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Builder Pattern in Java

Guidelines for using the Builder Design Pattern in Java
  1. Make a static nested class called Builder inside the class whose object will be created by Builder. In this example its Cake.
  2. The Builder class will have exactly the same set of fields as the original class.
  3. The Builder class will expose a method for adding ingredients (for example, by means of the sugar() method). Each method will return the same Builder object. Builder will be enriched with each method call.
  4. The method will copy all Builder field values into the actual class and return an object of Item class.
  5. Item class (the class for which we are creating Builder) should have a private constructor to create its object from the build() method and prevent outsiders from accessing its constructor.


public class BuilderPatternExample {   
 public static void main(String args[]) {       
   //Creating object using Builder pattern in java
   Cake whiteCake = new Cake.Builder().sugar(1).butter(0.5).
   eggs(2).vanila(2).flour(1.5). bakingpowder(0.75).milk(0.5).build();       
   //Cake is ready to eat :)

class Cake {
 private final double sugar;   //cup
 private final double butter;  //cup
 private final int eggs;
 private final int vanila;     //spoon
 private final double flour;   //cup
 private final double bakingpowder; //spoon
 private final double milk;  //cup
 private final int cherry;

 public static class Builder {
 private double sugar;   //cup
 private double butter;  //cup
 private int eggs;
 private int vanila;     //spoon
 private double flour;   //cup
 private double bakingpowder; //spoon
 private double milk;  //cup
 private int cherry;

 //builder methods for setting property
 public Builder sugar(double cup){this.sugar = cup; return this; }
 public Builder butter(double cup){this.butter = cup; return this; }
 public Builder eggs(int number){this.eggs = number; return this; }
 public Builder vanila(int spoon){this.vanila = spoon; return this; }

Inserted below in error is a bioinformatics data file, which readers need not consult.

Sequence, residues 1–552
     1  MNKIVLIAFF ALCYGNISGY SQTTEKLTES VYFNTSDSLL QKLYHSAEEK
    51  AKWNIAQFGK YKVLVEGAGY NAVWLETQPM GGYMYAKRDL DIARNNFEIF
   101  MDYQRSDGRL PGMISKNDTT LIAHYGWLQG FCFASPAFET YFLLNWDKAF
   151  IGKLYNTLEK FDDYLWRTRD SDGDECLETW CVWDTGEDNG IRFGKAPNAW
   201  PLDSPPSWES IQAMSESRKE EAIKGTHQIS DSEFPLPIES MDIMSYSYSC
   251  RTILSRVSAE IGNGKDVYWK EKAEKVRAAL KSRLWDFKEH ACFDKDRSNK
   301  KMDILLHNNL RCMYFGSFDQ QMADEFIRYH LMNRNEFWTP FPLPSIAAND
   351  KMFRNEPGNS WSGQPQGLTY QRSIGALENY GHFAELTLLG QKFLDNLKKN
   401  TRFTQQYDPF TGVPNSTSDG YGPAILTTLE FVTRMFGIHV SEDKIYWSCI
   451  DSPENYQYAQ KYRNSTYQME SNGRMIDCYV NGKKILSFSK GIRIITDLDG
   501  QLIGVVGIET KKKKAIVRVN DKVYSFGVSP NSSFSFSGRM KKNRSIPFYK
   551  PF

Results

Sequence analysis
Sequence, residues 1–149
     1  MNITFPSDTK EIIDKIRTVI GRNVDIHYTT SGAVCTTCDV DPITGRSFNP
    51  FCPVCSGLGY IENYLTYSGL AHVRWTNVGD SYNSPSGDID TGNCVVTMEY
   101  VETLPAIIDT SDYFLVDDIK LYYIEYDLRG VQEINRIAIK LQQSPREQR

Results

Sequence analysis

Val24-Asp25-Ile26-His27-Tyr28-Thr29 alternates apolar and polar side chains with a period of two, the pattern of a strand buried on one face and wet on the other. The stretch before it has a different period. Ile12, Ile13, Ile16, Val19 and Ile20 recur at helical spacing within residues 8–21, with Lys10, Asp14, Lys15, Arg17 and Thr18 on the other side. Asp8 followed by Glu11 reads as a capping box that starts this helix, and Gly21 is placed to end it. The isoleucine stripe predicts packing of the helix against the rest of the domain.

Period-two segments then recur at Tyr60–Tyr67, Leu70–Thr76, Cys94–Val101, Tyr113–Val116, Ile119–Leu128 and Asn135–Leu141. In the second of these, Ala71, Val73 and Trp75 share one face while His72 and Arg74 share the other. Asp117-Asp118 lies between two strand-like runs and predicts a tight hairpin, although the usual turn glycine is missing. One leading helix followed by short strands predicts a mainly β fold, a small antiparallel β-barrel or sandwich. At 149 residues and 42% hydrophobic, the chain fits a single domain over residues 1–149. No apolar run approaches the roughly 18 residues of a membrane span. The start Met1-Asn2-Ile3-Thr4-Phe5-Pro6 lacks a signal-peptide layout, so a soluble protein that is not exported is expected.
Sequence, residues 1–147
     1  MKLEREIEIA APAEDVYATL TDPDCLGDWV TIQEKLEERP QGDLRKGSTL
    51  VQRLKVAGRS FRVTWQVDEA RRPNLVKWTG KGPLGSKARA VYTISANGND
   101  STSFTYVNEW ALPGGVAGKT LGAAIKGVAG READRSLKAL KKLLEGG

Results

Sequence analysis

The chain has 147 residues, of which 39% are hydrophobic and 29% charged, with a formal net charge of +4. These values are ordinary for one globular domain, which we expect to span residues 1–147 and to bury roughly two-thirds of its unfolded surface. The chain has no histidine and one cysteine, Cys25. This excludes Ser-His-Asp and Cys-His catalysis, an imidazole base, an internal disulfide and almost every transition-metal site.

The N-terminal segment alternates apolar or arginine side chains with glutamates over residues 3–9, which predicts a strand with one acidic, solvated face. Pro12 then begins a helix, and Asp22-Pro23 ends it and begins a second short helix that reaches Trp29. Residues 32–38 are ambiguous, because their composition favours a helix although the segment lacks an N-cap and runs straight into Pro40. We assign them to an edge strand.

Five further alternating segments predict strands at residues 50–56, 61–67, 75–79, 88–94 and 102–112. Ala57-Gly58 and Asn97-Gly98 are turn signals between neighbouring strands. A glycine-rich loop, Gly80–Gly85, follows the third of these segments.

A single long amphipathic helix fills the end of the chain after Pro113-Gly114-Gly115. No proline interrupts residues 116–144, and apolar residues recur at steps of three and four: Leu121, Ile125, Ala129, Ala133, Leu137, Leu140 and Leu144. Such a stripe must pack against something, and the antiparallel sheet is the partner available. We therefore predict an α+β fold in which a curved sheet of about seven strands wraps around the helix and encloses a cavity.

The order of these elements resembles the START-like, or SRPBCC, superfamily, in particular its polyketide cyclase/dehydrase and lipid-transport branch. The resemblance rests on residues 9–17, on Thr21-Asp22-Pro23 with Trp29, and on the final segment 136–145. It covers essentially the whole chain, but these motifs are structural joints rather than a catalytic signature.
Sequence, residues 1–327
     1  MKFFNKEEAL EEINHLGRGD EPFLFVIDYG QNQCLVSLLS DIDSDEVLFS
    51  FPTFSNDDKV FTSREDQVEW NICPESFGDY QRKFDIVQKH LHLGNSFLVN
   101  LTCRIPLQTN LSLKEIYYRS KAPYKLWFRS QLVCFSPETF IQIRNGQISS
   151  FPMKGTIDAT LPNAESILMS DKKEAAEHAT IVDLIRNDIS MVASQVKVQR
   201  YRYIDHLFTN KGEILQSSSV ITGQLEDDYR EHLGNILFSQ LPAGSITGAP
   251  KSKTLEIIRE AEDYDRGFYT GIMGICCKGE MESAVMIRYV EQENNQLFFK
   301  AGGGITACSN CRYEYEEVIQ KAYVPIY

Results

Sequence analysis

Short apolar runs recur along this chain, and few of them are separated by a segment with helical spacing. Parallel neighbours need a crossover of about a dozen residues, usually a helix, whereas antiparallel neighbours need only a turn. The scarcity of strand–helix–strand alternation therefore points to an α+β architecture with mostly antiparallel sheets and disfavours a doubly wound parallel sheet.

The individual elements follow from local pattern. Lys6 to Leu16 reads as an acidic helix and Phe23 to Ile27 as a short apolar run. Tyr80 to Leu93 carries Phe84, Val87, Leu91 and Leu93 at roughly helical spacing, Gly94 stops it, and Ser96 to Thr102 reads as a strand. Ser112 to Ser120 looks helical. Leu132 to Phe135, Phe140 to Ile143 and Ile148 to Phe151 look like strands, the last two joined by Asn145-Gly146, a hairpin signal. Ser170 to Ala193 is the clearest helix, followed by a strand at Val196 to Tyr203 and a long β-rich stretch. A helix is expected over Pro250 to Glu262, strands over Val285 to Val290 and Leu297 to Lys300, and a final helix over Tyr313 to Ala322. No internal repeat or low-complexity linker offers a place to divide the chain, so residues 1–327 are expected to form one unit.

public Builder flour(double cup){this.flour = cup; return this; }
 public Builder bakingpowder(double spoon){this.sugar = spoon; return this; }
 public Builder milk(double cup){this.milk = cup; return this; }
 public Builder cherry(int number){this.cherry = number; return this; }
 //return fully build object
 public Cake build() {
  return new Cake(this);

//private constructor to enforce object creation through builder
private Cake(Builder builder) {
 this.sugar = builder.sugar;
 this.butter = builder.butter;
 this.eggs = builder.eggs;
 this.vanila = builder.vanila;
 this.flour = builder.flour;
 this.bakingpowder = builder.bakingpowder;
 this.milk = builder.milk;
 this.cherry = builder.cherry;       

public String toString() {
  return "Cake{" + "sugar=" + sugar + ", butter=" + butter + ", eggs=" + eggs + ", 
  vanila=" + vanila +  ", flour=" + flour + ", bakingpowder=" + bakingpowder + ", 
  milk=" + milk + ", cherry=" + 
  cherry + '}';

Cake{sugar=0.75, butter=0.5, eggs=2, vanila=2, flour=1.5, bakingpowder=0.0, milk=0.5, cherry=0}

Advantages of the Builder Design Pattern


  1. The code is more maintainable if the number of fields required to create an object is greater than 4 or 5.
  2. The code is less likely to cause errors because the user will know what is being passed because of the explicit method call.
  3. The code is more robust because only the fully constructed object will be available to the client.

Disadvantages of the Builder Design Pattern

There exists code duplication because the Builder needs to copy all the fields from the Original class.

When to use Builder Design Pattern in Java

You should use the Builder pattern when: Builder Design Pattern is a creational pattern and should be used when the number of parameters required in a constructor is difficult to manage.